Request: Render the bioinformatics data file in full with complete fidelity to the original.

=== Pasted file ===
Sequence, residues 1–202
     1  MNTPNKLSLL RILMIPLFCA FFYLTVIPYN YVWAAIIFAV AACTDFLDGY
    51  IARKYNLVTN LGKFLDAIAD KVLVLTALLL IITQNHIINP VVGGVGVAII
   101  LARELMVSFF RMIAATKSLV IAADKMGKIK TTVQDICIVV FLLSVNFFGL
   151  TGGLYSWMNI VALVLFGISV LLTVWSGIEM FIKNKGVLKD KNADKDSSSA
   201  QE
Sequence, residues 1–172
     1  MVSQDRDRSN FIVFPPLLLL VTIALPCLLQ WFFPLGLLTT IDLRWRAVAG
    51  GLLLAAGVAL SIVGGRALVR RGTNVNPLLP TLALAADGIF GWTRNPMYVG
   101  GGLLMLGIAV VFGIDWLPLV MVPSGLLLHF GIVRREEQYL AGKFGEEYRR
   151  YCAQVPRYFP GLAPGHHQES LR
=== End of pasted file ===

Sequence, residues 1–202
     1  MNTPNKLSLL RILMIPLFCA FFYLTVIPYN YVWAAIIFAV AACTDFLDGY
    51  IARKYNLVTN LGKFLDAIAD KVLVLTALLL IITQNHIINP VVGGVGVAII
   101  LARELMVSFF RMIAATKSLV IAADKMGKIK TTVQDICIVV FLLSVNFFGL
   151  TGGLYSWMNI VALVLFGISV LLTVWSGIEM FIKNKGVLKD KNADKDSSSA
   201  QE
Sequence, residues 1–172
     1  MVSQDRDRSN FIVFPPLLLL VTIALPCLLQ WFFPLGLLTT IDLRWRAVAG
    51  GLLLAAGVAL SIVGGRALVR RGTNVNPLLP TLALAADGIF GWTRNPMYVG
   101  GGLLMLGIAV VFGIDWLPLV MVPSGLLLHF GIVRREEQYL AGKFGEEYRR
   151  YCAQVPRYFP GLAPGHHQES LR